Pentopyranosyl Oligonucleotide Systems. 9th Communication

The β-D-Ribopyranosyl-(4′→2′)-oligonucleotide System (‘Pyranosyl-RNA’): Synthesis and Resumé of Base-Pairing Properties

Authors

  • Stefan Pitsch,

    1. Laboratory of Organic Chemistry, Swiss Federal Institute of Technology (ETH), Hönggerberg, HCI H309, CH-8093 Zürich and The Skaggs Institute for Chemical Biology at The Scripps Research Institute(TSRI), 10550 North Torrey Pines Road, La Jolla, CA-92037, USA
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    • Postdoctorate: ETH September 1992 – February 1995;

  • Sebastian Wendeborn,

    1. Laboratory of Organic Chemistry, Swiss Federal Institute of Technology (ETH), Hönggerberg, HCI H309, CH-8093 Zürich and The Skaggs Institute for Chemical Biology at The Scripps Research Institute(TSRI), 10550 North Torrey Pines Road, La Jolla, CA-92037, USA
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    • Postdoctorate: ETH November 1992 – December 1993;

  • Ramanarayanan Krishnamurthy,

    1. Laboratory of Organic Chemistry, Swiss Federal Institute of Technology (ETH), Hönggerberg, HCI H309, CH-8093 Zürich and The Skaggs Institute for Chemical Biology at The Scripps Research Institute(TSRI), 10550 North Torrey Pines Road, La Jolla, CA-92037, USA
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    • Postdoctorate: ETH July 1992 – December 1994 and TSRI 1996 –;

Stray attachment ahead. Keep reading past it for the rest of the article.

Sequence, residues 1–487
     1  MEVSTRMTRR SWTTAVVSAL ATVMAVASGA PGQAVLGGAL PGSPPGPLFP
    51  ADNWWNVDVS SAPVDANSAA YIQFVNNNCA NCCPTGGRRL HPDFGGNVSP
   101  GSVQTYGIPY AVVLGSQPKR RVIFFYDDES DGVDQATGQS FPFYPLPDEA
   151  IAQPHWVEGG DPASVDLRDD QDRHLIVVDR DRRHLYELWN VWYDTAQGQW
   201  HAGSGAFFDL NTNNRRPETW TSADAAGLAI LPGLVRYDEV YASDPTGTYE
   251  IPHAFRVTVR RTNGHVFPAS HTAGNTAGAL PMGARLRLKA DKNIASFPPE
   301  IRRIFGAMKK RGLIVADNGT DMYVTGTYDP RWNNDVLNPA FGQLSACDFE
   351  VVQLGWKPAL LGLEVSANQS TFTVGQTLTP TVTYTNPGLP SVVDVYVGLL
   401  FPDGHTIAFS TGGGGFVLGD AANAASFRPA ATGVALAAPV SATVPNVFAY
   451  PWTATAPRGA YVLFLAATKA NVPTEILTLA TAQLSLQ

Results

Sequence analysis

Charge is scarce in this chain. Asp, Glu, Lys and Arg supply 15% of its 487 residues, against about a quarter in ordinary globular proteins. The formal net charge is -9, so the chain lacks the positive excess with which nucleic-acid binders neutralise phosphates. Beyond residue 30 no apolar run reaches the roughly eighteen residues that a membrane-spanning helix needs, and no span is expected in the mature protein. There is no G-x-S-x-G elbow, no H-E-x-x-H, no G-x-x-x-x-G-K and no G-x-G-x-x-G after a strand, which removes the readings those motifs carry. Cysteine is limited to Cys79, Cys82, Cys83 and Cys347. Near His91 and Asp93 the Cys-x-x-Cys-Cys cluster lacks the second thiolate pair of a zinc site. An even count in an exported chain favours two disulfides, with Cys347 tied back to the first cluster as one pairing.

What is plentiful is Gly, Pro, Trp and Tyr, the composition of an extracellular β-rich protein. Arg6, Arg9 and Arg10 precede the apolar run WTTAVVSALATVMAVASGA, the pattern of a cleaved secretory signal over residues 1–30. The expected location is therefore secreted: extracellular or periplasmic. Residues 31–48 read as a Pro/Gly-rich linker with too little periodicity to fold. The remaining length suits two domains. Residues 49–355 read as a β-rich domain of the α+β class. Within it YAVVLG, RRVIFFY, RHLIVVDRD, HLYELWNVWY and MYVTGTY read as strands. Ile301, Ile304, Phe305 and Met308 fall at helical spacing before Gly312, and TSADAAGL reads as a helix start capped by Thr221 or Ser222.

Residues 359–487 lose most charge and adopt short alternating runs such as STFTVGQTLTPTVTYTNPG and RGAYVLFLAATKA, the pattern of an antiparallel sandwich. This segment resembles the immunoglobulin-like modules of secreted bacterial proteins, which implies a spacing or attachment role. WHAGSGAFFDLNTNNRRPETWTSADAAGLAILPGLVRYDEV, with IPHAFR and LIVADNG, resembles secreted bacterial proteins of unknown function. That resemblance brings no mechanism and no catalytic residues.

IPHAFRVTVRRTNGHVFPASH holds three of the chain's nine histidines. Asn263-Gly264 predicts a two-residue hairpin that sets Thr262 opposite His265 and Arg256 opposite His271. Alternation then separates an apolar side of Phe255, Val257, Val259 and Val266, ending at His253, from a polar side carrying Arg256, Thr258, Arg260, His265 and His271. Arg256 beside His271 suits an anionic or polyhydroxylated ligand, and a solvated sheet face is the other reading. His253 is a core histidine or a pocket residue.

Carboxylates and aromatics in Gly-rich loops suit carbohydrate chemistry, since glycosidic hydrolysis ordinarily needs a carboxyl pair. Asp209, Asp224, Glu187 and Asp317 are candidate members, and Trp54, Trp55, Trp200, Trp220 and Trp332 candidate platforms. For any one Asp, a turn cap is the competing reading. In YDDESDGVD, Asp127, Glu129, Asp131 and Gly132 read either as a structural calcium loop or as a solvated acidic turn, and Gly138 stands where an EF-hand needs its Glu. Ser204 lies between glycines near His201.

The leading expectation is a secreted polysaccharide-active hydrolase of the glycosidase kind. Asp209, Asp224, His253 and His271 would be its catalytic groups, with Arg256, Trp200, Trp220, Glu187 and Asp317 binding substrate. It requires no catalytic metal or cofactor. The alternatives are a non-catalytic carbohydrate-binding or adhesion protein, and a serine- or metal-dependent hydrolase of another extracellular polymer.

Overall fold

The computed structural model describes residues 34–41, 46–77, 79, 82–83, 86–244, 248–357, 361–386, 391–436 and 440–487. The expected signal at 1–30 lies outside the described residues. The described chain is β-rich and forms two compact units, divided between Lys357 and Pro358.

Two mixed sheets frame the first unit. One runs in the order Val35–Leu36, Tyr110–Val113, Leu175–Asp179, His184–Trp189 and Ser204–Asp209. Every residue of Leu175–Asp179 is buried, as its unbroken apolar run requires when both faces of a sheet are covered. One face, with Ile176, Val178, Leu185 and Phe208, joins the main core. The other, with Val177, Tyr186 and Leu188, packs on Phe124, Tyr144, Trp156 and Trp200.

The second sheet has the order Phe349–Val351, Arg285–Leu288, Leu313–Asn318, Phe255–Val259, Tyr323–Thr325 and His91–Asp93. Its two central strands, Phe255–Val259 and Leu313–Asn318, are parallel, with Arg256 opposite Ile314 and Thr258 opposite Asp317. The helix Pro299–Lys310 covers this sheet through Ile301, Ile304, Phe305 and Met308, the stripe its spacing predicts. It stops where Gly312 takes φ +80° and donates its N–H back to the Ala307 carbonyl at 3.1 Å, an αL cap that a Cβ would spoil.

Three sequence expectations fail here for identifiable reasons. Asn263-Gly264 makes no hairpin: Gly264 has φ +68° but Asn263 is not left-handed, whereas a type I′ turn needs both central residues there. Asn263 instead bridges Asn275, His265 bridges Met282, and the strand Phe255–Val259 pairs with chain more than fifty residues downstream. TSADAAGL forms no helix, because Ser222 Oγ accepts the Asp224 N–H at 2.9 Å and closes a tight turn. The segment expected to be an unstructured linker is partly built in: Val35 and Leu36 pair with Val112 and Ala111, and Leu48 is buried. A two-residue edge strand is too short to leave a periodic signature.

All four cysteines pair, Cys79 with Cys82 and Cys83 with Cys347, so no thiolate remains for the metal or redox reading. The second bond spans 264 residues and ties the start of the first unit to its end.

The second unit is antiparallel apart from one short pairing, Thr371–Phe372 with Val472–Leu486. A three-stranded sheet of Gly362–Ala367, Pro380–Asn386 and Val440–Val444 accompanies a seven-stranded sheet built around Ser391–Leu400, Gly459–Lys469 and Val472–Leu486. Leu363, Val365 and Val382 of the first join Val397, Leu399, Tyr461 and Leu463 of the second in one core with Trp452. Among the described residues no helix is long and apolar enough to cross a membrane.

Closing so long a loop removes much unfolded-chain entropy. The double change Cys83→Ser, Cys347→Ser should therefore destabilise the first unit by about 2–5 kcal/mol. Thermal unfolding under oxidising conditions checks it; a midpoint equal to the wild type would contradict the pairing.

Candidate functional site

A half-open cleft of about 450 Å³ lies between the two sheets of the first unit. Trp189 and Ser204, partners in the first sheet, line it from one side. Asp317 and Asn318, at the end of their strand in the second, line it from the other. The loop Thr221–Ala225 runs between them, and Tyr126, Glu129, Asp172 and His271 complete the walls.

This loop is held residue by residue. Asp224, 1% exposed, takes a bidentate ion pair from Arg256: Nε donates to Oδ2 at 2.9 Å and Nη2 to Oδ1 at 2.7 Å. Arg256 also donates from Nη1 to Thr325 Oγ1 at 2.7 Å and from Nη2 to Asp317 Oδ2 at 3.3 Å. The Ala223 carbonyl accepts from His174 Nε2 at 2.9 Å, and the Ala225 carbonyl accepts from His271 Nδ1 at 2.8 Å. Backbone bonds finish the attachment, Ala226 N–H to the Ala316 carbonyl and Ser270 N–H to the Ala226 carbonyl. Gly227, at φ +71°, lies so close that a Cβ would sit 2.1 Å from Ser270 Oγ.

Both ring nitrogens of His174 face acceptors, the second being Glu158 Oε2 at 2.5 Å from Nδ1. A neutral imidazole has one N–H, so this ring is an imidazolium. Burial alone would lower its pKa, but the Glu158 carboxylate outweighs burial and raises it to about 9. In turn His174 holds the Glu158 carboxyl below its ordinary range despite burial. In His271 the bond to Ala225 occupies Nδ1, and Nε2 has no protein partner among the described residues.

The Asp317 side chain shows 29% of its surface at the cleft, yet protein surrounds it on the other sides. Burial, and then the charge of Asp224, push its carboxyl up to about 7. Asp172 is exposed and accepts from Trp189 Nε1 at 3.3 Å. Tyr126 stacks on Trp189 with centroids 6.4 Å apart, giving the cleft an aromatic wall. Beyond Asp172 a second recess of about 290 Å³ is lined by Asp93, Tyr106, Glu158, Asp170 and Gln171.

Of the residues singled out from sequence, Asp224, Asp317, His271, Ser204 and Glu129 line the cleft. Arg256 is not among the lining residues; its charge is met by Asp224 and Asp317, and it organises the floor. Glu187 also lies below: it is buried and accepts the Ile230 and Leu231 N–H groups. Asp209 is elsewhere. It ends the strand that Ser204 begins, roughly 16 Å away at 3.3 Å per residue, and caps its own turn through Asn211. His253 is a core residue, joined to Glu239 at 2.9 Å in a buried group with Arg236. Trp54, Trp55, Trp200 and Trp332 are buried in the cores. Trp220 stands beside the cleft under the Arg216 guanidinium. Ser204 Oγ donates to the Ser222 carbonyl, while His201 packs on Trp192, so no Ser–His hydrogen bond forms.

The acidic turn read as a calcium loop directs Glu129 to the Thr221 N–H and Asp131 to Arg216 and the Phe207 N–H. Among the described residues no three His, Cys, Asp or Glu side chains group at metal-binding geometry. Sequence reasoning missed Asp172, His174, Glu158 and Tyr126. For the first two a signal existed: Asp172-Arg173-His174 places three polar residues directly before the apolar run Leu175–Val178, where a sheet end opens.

• Armin Holzner,

    1. Laboratory of Organic Chemistry, Swiss Federal Institute of Technology (ETH), Hönggerberg, HCI H309, CH-8093 Zürich and The Skaggs Institute for Chemical Biology at The Scripps Research Institute(TSRI), 10550 North Torrey Pines Road, La Jolla, CA-92037, USA
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    • Postdoctorate: ETH April 1992 – October 1993;

  • Mark Minton,

    1. Laboratory of Organic Chemistry, Swiss Federal Institute of Technology (ETH), Hönggerberg, HCI H309, CH-8093 Zürich and The Skaggs Institute for Chemical Biology at The Scripps Research Institute(TSRI), 10550 North Torrey Pines Road, La Jolla, CA-92037, USA
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    • Postdoctorate: ETH September 1993 – April 1994;

  • Martin Bolli,

    1. Laboratory of Organic Chemistry, Swiss Federal Institute of Technology (ETH), Hönggerberg, HCI H309, CH-8093 Zürich and The Skaggs Institute for Chemical Biology at The Scripps Research Institute(TSRI), 10550 North Torrey Pines Road, La Jolla, CA-92037, USA
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    • Postdoctorate: ETH and TSRI January 1995 – June 1997;

  • Christian Miculca,

    1. Laboratory of Organic Chemistry, Swiss Federal Institute of Technology (ETH), Hönggerberg, HCI H309, CH-8093 Zürich and The Skaggs Institute for Chemical Biology at The Scripps Research Institute(TSRI), 10550 North Torrey Pines Road, La Jolla, CA-92037, USA
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    • Postdoctorate: Universität Frankfurt October 1993 – März 1995;

  • Norbert Windhab,

    1. Laboratory of Organic Chemistry, Swiss Federal Institute of Technology (ETH), Hönggerberg, HCI H309, CH-8093 Zürich and The Skaggs Institute for Chemical Biology at The Scripps Research Institute(TSRI), 10550 North Torrey Pines Road, La Jolla, CA-92037, USA
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    • Postdoctorate: Universität Frankfurt 1993 – 1995;

  • Ronald Micura,

    1. Laboratory of Organic Chemistry, Swiss Federal Institute of Technology (ETH), Hönggerberg, HCI H309, CH-8093 Zürich and The Skaggs Institute for Chemical Biology at The Scripps Research Institute(TSRI), 10550 North Torrey Pines Road, La Jolla, CA-92037, USA